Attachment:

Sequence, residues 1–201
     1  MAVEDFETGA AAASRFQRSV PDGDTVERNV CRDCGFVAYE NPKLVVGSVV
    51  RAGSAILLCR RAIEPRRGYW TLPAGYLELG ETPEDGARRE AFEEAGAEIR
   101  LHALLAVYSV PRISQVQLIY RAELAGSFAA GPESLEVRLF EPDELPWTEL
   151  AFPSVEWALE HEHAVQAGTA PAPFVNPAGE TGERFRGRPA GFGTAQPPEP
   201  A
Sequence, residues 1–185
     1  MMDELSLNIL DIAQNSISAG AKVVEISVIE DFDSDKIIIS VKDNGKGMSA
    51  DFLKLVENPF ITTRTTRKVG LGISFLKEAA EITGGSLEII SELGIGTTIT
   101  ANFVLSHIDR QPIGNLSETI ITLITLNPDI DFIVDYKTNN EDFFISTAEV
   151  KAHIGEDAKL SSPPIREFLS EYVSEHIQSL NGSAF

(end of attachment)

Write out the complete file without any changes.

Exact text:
Sequence, residues 1–201
     1  MAVEDFETGA AAASRFQRSV PDGDTVERNV CRDCGFVAYE NPKLVVGSVV
    51  RAGSAILLCR RAIEPRRGYW TLPAGYLELG ETPEDGARRE AFEEAGAEIR
   101  LHALLAVYSV PRISQVQLIY RAELAGSFAA GPESLEVRLF EPDELPWTEL
   151  AFPSVEWALE HEHAVQAGTA PAPFVNPAGE TGERFRGRPA GFGTAQPPEP
   201  A
Sequence, residues 1–185
     1  MMDELSLNIL DIAQNSISAG AKVVEISVIE DFDSDKIIIS VKDNGKGMSA
    51  DFLKLVENPF ITTRTTRKVG LGISFLKEAA EITGGSLEII SELGIGTTIT
   101  ANFVLSHIDR QPIGNLSETI ITLITLNPDI DFIVDYKTNN EDFFISTAEV
   151  KAHIGEDAKL SSPPIREFLS EYVSEHIQSL NGSAF